If you have a document hosted on your website and a link to it doesn’t appear anywhere on your website – or is on a password protected page – then there will be no way for a general visitor clicking through your site to be able to accidentally come across it.  What this method of “hiding” access to your file doesn’t take into account, however is someone sharing the link to the document.

Example: You upload a commercially sensitive sales report to your website and send the link out to the sales team, or a customer, or your supplier via email.  There is nothing stopping the recipient of that email forwarding on that link to other people to give them access to that report.  If your content is super sensitive then you certainly shouldn’t be hosting it directly on an open platform.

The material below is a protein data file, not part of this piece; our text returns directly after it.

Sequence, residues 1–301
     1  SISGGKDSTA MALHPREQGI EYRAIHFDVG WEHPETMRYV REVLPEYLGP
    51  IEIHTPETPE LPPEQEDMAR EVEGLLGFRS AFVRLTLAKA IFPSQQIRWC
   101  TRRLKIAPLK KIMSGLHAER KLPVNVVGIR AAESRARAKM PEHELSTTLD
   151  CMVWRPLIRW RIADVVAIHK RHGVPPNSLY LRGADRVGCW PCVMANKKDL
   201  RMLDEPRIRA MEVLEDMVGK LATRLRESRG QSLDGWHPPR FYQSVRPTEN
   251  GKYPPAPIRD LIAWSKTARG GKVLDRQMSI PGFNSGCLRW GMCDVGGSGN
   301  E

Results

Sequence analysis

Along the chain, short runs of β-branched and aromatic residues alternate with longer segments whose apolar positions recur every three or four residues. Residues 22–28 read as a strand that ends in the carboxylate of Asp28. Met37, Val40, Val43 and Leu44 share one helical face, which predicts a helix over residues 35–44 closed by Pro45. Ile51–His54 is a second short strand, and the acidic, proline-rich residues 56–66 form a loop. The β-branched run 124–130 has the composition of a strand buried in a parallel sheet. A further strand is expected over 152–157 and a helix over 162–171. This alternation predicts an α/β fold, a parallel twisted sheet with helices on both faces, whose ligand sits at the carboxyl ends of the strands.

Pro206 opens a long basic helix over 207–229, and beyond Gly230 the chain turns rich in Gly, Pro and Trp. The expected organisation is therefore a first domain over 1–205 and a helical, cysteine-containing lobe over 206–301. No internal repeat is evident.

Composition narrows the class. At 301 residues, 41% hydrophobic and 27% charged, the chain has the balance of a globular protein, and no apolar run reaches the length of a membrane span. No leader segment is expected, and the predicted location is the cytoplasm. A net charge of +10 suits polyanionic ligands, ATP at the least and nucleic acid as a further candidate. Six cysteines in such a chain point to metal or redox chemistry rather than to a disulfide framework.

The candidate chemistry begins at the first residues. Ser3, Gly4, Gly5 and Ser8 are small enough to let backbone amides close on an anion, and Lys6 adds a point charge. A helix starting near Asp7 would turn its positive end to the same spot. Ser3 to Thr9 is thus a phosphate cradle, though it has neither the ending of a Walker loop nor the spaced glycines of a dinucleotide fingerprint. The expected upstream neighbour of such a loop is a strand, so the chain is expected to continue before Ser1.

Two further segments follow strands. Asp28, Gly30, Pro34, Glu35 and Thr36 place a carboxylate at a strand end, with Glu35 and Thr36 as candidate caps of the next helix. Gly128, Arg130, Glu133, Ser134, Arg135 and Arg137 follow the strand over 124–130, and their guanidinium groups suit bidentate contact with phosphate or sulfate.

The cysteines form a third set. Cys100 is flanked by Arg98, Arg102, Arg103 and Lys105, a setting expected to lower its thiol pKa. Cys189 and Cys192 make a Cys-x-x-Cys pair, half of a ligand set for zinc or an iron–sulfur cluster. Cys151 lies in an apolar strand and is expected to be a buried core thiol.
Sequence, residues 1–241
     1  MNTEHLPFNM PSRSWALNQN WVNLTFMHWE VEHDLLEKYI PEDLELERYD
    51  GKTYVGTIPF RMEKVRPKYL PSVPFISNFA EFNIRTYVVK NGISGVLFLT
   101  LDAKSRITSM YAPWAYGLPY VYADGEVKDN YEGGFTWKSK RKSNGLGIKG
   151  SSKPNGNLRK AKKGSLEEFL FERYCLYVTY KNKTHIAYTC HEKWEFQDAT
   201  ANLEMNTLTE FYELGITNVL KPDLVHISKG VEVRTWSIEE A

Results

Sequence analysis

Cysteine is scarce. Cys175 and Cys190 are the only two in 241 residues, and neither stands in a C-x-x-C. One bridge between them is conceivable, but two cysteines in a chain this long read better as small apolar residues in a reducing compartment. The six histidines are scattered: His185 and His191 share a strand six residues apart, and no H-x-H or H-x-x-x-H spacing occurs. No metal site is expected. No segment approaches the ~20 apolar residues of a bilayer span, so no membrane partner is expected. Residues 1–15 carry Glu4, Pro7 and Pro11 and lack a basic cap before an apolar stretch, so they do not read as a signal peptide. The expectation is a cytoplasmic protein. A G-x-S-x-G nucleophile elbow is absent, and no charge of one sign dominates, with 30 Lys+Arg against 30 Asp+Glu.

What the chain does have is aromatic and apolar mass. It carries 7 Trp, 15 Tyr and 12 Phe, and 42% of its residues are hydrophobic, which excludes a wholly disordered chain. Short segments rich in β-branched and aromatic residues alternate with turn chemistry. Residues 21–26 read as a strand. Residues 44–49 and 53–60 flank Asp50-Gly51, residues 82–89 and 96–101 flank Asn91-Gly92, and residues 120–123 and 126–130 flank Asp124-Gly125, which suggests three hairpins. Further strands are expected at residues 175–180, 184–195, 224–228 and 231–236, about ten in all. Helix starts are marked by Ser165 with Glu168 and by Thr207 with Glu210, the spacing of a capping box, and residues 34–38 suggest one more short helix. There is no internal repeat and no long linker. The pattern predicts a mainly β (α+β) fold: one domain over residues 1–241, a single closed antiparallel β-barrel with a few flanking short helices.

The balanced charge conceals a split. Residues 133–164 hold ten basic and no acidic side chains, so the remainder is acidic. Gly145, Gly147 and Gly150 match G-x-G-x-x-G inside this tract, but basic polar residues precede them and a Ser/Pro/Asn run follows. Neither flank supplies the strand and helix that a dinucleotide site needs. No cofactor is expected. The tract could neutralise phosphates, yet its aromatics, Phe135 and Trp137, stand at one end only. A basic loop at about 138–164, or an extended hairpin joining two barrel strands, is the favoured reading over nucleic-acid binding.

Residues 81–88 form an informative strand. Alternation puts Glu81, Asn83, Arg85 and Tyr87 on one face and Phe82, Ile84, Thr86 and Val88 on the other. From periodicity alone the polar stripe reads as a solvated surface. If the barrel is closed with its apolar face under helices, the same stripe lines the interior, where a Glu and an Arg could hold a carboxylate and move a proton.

The other (even bigger) issue is that Google is awesome.  And that can be a problem.  Microsoft and Adobe have built fantastic, open SEO friendly document formats that encourage indexing by search engines such as Google, Bing and Yahoo.  That’s a good thing when you’re uploading the latest race results or committee meeting minutes for your classic car club.  It’s not a good thing when you’re uploading a list of your employees and contractors and their after-hours contact details.

So what can we do?

We can put all of your documents into a password protected folder on your website.  That’s pretty simple and it stops search engines from getting anywhere near your documents.  What it doesn’t do is make life easy for your end user. Every time they try to access your document they’ll be asked to enter a username and password, providing a hurdle to a comfortable User Experience (UX).